Ralph Fiennes is 55 years old today, and “to celebrate” the birthday of my favourite actor, I am doing this subjective list of his 5 best performances. Ralph is not only a great actor, he is super versatile. Whether it is a romantic hero in a sweeping drama; a disturbed individual in a psychological thriller; a true villain in a historic or adventure film; or simply a caricature of a man in a comedy; Ralph can nail any role with ease and grace. In no particular order:
1. Count Almásy – “The English Patient” (1996)
Anthony Minghella’s “The English Patient” was both a critical and box-office success, and will remain one of the most beautifully-rendered dramas ever. Part of the credit for this should go to its stars, and Ralph Fiennes here played Count László de Almásy (a role which landed him an Oscar nomination). This was a tricky role, because the hero was so imperfect. He is a multi-lingual cartographer, but, because of his origin, he is almost a man shrouded in mystery. We learn that, as a person, he can be selfish and very withdrawn, and, as a lover, very devoted, but also impulsive. He learns his lessons as circumstances in his life take a turn for the worse. Fiennes gives a very memorable performance as that man, and his romance with Katharine (Kristin Scott Thomas) is probably one of the screen’s most heart-breaking.
2. Amon Goeth – “Schindler’s List” (1993)
Portraying a Nazi criminal in any film is not a walk in the park, and if it is Spielberg’s “Schindler’s List” and the Nazi criminal is psychopathic Amon Goeth (Goth), the task must have been double hard. Fiennes embodies the very definition of inhumanity, mercilessness, evil and ruthlessness in this role. His true villain becomes the man truly feared and hated, which makes for a nice contrast in the movie with often more humane methods and modes of doing things coming from another German, Oskar Schindler (Liam Neeson). Ralph Fiennes’ performance in this movie rightly gave him his Academy Awards nomination in the category of the Best Supporting Actor. His performance was said to be “creative and fascinating”, and, probably, it was, but, remembering a scene where Goeth shoots Jews for target practice, the performance is really fascinating and creative in its realistic sobriety.
3. Dennis “Spider” Cleg – “Spider” (2002)
This was a really great, thought-provoking film which made my list here, and part of the attraction here is Ralph Fiennes’ exquisite performance in which he portrays a damaged, eccentric individual haunted by the past and afraid of the future. Mystery deepens with each scene, and, probably only Christian Bale with his performance in “The Machinist” (2004) could be compared to the performing commitment here, and also to the sheer shock of the revelation at the end. It may appear at first like this is a David Cronenberg film through and through, but Fiennes’ screen charisma and eccentricity (remember “Oscar and Lucinda” (1996)?) make it feel like it is almost all of the actor’s own creation.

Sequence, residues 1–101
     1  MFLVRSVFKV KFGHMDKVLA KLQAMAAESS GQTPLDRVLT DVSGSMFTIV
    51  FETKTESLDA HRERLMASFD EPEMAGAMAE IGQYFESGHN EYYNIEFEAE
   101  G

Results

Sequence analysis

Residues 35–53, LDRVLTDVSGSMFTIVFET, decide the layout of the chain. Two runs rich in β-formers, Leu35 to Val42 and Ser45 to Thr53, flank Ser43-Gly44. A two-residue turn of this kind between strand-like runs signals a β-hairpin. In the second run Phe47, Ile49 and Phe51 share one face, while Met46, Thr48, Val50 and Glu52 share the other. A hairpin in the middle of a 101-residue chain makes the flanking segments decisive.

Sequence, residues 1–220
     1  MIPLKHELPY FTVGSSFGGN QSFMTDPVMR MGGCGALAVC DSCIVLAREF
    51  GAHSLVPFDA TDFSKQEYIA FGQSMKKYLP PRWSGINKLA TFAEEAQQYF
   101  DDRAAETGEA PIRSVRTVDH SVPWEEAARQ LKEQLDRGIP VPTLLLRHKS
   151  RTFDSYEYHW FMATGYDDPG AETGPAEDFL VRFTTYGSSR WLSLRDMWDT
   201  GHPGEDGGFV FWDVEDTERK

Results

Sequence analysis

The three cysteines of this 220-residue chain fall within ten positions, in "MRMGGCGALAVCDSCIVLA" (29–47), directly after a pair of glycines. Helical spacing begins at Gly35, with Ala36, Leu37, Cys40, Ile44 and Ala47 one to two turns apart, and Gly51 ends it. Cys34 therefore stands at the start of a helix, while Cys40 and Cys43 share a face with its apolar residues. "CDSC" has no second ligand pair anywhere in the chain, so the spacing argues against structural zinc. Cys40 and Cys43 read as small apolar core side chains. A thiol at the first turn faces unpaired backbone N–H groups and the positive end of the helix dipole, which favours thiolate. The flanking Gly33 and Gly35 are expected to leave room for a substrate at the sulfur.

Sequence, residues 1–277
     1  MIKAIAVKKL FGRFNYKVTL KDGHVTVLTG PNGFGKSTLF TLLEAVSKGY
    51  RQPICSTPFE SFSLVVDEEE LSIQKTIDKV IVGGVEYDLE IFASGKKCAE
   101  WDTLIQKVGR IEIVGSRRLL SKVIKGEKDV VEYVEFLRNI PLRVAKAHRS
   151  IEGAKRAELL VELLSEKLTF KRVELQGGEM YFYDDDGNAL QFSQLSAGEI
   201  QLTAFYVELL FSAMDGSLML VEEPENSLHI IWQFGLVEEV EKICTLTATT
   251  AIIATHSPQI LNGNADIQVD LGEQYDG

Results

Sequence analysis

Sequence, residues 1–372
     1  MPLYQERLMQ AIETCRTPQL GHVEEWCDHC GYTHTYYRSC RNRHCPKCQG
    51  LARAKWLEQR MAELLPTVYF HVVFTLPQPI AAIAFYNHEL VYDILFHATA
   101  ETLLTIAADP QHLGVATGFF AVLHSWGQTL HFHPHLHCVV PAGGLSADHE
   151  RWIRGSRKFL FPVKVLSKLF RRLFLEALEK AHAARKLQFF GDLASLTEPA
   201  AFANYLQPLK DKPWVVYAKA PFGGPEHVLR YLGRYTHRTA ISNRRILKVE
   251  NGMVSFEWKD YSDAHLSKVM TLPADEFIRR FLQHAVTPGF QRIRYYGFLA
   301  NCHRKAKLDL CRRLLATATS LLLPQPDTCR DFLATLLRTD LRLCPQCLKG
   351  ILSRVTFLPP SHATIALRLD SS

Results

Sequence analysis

4. Voldemort – “Harry Potter” Franchise
How could I have not included Ralph Fiennes’ role in the Harry Potter franchise? He became THE Voldemort for millions and millions of fans (of Harry Potter). Almost unrecognisable because of his disguise, Ralph Fiennes is again in the role of a villain and is so convincing in this role, he is the villain to be truly feared. The voice is silky smooth, sometimes hoarse (the hissing is spot-on) and the whole demeanour of Voldemort is there to behold and marvel upon. Apparently, we should all be grateful that the actor “understood the loneliness of his character”, otherwise, as he confessed, he would not have even considered taking up the role.
5. M. Gustave – “The Grand Budapest Hotel” (2014)
Just to demonstrate how diverse an actor Ralph Fiennes really is, in Wes Anderson’s “The Grand Budapest Hotel“, he is a comic hotel concierge who is simply joyful and entertaining to watch. From his immaculate wit to his overall presentation, Ralph’s character may appear like a perfectionist-gone-wrong, and, it looks like this role was written just for him. Fiennes’ forte are eccentric characters, but, in this movie, he takes this concept to the whole new level and created someone really unforgettable. “I don’t know what sort of cream they’ve put on you down at the morgue, but…I want some” (M. Gustave).
Did you also know? Ralph Fiennes is one of the patrons of the annual Russian Film Week event, and studied Russian to perform in a Russian-language film “Two Women” (2014), which was based, in turn, on a play by Ivan Turgenev. This does not conclude Ralph’s amorous relationship with Russia-based films, and he also starred in a film “Onegin” (1999) alongside Liv Tyler, which is a film adaptation of Alexander Pushkin’s poem “Eugene Onegin”, and now also directs (and stars in) a film titled “The White Crow” (2018) about “Rudolf Nureyev’s defection to the West” (IMDb).